Note to Faculty Members: you may follow the above process for background checks, or, if you are unsure or uncomfortable, simply direct the requestor to the University Registrar, the Vice President of Student Affairs and Dean of Students, or the Assistant Dean of the Law School for Student Affairs (as appropriate).
Call-In Requests for Background Checks
In the case of a caller requesting information about a student or former employee, begin by requiring the individual to fax or email you a signed copy of the release. You should also take reasonable steps to verify the caller's identity (e.g. ask for his/her extension and call a publicly-available switchboard for the agency where the caller claims to work). Advise that no emailed forms should contain full Social Security numbers (only the last four digits).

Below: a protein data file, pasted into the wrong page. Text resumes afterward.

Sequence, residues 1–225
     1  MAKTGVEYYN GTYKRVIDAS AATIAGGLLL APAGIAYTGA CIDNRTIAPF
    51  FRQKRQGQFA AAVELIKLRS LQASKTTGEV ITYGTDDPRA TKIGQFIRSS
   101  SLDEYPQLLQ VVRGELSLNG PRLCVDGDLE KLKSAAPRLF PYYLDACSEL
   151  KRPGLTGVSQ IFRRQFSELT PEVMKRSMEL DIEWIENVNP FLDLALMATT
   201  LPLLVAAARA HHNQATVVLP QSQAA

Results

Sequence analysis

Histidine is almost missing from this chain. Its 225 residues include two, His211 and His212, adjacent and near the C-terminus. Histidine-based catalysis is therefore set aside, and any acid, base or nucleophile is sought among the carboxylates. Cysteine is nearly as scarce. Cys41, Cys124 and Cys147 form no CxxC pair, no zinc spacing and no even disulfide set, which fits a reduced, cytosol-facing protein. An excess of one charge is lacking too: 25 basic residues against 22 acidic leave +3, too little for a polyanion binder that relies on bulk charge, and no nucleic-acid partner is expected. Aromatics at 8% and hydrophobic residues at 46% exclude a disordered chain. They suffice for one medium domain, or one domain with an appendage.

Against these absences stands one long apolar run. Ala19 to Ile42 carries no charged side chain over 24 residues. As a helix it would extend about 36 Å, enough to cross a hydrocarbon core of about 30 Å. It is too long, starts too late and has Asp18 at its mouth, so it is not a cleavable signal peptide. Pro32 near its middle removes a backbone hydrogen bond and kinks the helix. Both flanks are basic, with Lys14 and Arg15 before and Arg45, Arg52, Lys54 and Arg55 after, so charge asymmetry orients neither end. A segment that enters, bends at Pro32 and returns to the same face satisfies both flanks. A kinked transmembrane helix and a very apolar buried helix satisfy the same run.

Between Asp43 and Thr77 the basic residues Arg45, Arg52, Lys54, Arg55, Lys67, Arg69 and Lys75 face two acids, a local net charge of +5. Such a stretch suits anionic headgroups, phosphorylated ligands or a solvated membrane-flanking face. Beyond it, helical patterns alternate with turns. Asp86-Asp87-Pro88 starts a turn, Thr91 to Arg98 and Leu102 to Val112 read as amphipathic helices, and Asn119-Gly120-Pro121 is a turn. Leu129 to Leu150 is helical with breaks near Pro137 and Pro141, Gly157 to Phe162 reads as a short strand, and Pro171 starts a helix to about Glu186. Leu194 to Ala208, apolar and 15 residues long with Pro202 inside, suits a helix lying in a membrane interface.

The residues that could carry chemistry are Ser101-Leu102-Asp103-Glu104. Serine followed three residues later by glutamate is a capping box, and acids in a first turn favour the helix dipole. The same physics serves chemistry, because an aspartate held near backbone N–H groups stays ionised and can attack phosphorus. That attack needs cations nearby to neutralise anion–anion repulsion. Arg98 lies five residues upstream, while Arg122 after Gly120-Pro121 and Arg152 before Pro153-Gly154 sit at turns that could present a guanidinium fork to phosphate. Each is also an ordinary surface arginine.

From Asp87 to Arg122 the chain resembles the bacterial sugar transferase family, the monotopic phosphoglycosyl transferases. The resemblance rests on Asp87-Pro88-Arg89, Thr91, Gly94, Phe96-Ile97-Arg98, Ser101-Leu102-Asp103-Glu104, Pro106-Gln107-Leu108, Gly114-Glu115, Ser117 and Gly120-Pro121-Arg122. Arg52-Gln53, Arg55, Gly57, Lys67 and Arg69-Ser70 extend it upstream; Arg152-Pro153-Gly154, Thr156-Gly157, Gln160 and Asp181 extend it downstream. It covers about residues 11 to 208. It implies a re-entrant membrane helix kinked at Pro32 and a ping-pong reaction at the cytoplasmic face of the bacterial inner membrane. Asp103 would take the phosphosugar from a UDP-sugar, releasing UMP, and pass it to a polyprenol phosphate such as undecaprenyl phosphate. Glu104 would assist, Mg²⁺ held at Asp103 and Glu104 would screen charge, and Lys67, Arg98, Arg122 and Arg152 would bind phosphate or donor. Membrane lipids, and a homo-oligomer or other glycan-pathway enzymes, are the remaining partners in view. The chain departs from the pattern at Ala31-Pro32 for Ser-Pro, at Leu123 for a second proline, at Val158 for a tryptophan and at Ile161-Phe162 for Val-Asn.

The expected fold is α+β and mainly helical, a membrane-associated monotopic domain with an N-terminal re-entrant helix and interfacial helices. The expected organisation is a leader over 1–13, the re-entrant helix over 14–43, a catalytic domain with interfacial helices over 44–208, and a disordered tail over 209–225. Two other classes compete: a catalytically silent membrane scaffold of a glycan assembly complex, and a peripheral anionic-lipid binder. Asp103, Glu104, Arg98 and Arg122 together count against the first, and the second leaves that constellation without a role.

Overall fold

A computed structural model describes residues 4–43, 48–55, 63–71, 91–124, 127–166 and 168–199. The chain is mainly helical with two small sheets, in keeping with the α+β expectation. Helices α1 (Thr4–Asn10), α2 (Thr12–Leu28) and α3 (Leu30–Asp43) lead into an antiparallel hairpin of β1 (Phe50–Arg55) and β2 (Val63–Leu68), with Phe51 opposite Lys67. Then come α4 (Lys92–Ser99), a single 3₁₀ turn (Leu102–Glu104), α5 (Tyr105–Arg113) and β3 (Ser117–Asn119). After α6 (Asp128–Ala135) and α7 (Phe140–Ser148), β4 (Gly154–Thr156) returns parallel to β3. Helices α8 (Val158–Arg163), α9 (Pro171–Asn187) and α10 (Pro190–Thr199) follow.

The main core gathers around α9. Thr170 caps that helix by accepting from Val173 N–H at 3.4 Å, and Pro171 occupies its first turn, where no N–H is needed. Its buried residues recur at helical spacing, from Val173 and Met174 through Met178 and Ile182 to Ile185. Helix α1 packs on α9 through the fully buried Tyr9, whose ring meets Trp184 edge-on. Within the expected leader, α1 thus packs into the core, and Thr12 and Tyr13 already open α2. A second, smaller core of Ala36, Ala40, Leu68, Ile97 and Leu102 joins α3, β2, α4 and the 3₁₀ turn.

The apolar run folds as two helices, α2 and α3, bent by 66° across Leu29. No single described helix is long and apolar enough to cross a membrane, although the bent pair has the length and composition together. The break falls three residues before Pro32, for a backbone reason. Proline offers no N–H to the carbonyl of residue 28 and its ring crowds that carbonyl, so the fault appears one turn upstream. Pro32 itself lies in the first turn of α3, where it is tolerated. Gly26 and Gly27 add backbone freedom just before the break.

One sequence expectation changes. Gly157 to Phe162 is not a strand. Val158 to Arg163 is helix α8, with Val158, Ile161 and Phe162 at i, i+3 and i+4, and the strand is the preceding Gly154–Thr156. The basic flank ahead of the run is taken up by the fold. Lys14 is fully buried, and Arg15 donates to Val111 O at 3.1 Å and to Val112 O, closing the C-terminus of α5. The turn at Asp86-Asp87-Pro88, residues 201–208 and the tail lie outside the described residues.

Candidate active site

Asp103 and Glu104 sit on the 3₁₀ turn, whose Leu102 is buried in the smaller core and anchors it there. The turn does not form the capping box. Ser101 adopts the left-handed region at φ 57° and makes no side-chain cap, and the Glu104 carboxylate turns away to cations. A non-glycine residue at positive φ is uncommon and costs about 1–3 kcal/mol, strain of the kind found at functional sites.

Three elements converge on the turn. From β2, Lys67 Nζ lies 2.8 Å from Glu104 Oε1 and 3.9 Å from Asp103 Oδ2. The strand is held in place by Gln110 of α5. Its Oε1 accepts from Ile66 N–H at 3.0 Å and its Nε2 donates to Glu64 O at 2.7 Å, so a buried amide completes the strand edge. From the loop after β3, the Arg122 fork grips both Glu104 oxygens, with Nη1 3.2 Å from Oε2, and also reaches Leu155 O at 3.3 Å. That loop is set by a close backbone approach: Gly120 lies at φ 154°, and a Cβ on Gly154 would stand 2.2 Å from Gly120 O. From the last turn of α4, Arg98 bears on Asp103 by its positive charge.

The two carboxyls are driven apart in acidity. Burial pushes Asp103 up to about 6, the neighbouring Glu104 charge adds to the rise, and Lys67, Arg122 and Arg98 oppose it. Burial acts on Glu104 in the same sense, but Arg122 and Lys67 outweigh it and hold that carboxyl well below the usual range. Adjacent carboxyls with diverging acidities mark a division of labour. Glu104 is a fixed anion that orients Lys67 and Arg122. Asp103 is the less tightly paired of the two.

Notice of Contacts by Government Regulatory/Investigative Personnel and Outside Attorneys or Investigators
If you are contacted on a non-routine matter by a government attorney, a representative of a government agency (federal, state, or local), or an attorney or investigator for any party to a lawsuit or other legal proceeding involving University business, you should refer them to the Office of General Counsel and notify the General Counsel's Office of the contact immediately.
Personnel, including student workers, should not communicate the fact of service of official legal documents, contacts by government personnel or private attorneys, or the details regarding any response to such circumstances, to anyone without a legitimate need to know in accordance with this University policy. Inappropriate disclosures of certain official legal documents or contacts to individuals without a legitimate need to know may in fact be illegal.
Revised October 2008; August 2009; and August 1, 2019.